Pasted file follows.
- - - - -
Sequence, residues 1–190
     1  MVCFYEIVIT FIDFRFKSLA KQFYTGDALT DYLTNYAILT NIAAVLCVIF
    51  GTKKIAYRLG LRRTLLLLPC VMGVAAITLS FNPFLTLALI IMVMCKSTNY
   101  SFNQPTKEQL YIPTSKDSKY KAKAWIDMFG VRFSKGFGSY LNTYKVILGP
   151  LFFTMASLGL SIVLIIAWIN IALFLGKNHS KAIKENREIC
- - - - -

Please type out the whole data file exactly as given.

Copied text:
Sequence, residues 1–190
     1  MVCFYEIVIT FIDFRFKSLA KQFYTGDALT DYLTNYAILT NIAAVLCVIF
    51  GTKKIAYRLG LRRTLLLLPC VMGVAAITLS FNPFLTLALI IMVMCKSTNY
   101  SFNQPTKEQL YIPTSKDSKY KAKAWIDMFG VRFSKGFGSY LNTYKVILGP
   151  LFFTMASLGL SIVLIIAWIN IALFLGKNHS KAIKENREIC